Feldhake's book is for the working writer, and if nothing else, assures the reader that becoming a published and, more importantly, paid writer is within the reach of anyone who can structure a believable story and put it in an envelope.

Thirteen Types of Narrative: A Practical Guide on How to Tell a Story by Wallace Hildick

This book is older than I am (and that's pretty old), but story-telling is timeless, right?

For a start, Hildick's style of presentation appeals to me. He doesn't open his book with explanations of what he's doing or introductions that try to make the reader feel good - he dives right into what he wants to say, and I like that.

Hildick applies his thirteen types of narrative to a simple, consistent, sample story to demonstrate how each effect the story, and includes examples from other authors as further clarification.

As for the thirteen types of narrative, such as third person present tense, first person past as if spoken, diary form etc, Hildick didn't reveal too many new secrets to me, but he did get me thinking about how I can combine different types of narrative for effect.  He reminded me that flexibility with style and approach can get a whole lot more out of a story, and all it takes is a little bit of thought.

Your Life as Story by Tristine Rainer

I have no interest in writing an autobiography, so it was little wonder I felt no inspiration to do so when reading this book.  Having said that, I found pertinent pointers relevant to my interest in fiction writing, both idealistically (the first half of the book), and technically (the second half of the book).

Rainer provides excellent examples of autobiographical authors who have demonstrated enormous strength to tell their stories with honesty and fairness.  There's that word again - honesty, and in the case of the true story, the opening up of oneself is potentially painful and even heartbreaking.  I think those of us who choose to explore made-up worlds with made-up characters can learn a great deal from the rawness of emotion that goes into an autobiography or memoir.

On the technical side, Rainer uses the image of a string of pearls as a metaphoric link between summary narrative and explicit scenes, the string being the thematic throughstory that ties everything together.  Her chapters on the different types of dialogue: summary, indirect, direct and subtext, I found informative, and I enjoyed the discussion on vertical and horizontal time devices.

It was only after I finished reading Your Life as Story that I appreciated how well Rainer structured this book.  It starts with the abstract ideas relating to 'true' storytelling and builds to concrete advice on how to do it. 

For those interested in autobiographical writing, it's definitely worth a look.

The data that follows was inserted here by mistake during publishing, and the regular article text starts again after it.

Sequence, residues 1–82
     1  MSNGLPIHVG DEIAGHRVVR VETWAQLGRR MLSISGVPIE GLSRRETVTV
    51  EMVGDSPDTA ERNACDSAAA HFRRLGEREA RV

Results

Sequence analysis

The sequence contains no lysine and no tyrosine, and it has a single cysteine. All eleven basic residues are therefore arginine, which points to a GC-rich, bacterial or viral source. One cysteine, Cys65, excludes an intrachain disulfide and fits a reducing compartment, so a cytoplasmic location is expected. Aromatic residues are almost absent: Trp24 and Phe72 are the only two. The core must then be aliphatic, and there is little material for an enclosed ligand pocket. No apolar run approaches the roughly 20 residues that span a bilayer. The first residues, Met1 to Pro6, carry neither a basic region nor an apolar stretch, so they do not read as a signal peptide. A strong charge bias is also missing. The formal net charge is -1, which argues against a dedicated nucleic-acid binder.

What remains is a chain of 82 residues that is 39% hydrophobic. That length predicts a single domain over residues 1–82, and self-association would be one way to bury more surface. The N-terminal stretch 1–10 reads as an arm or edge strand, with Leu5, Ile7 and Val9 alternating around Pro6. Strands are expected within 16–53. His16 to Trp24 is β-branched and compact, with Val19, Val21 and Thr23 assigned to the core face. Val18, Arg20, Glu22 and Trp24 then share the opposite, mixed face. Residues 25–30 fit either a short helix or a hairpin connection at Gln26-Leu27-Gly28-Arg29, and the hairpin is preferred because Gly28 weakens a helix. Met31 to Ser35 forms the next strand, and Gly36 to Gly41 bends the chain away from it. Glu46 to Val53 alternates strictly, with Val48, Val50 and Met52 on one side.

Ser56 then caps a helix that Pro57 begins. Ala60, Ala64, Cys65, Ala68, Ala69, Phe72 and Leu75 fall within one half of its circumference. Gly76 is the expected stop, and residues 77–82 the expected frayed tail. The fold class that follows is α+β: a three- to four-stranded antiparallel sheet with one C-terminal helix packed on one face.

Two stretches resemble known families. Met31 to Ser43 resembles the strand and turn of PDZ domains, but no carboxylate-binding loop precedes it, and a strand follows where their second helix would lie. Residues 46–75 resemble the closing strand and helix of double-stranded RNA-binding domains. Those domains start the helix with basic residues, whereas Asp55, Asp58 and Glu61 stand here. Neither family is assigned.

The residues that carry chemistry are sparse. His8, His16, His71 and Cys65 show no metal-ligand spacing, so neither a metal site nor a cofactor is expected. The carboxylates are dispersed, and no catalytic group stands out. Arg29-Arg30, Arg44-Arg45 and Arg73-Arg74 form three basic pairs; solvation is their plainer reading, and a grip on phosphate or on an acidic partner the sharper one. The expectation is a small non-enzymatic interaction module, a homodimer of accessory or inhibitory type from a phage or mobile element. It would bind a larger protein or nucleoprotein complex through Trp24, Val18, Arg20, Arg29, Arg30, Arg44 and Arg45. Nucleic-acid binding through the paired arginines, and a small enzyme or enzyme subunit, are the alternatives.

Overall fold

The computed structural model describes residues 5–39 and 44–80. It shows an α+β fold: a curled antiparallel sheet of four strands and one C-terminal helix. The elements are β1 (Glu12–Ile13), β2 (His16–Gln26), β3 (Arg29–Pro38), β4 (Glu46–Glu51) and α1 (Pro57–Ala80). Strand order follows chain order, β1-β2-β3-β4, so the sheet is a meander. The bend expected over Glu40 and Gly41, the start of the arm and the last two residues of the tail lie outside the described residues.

Your Novel Proposal: From Creation to Contract by Blythe Camenson and Marshall J. Cook

If the process of preparing and submitting a manuscript to agents or publishers is a bit of a blur, this is an excellent book to consult.  It is set out clearly and logically, and guides the hopeful writer through the step-by-step process of writing a query letter, pitching a story, and preparing a submission package in anticipation of those magic words:  "Yes, I'm interested.  Please send more."

Your Novel Proposal is easy to read and the examples given provide practical clarification of the material.  The book highlights the importance of being succinct, professional, and most importantly of all, prepared.

Writers on Writing edited by James Roberts, Barry Mitchell, Roger Zubrinich

Twenty-four Australian and international authors (Janet Evanovich the only one I've read, I'm ashamed to say), speak candidly about writing and their attitudes on inspiration, writer's block, traits of a writer, point-of-view, editing and marketing.  They offer their advice to aspiring authors, and inbetween the sound but predictable recommendation to read alot, there are many original and thoughtful tips that I'll note in my own collection of things to try.

One such tip is from Nicholas Shakespeare, who says that before he goes to bed, he finds it useful to write a paragraph with the criteria that it be about something he's never admitted to himself, or that it not be tasteful, and then he writes it without thinking.  Shakespeare uses these paragraphs to inject fire into his story when he feels it's needed.  Interesting.

Reading this book was like being involved in a series of fascinating conversations where only the fascinating people were talking.  And of course, now I have more names and titles on my list of Things I Must Read.

Writing Down the Bones by Natalie Goldberg

I confess that this isn't quite my kind of book.  In one chapter, the author describes herself like this: "I realized that while I was a Jew, I was also an American, a feminist, a writer, a Buddhist," which is great and I'm all for anyone being whatever they want to be, but I found myself not quite relating to many of her views.  But more to the point, I was confused about the target audience.  Much of the book seems to be aimed at the reluctant writer, and how to confront those things that block creativity, which, admittedly, is implied in the subtitle, Freeing the Writer Within.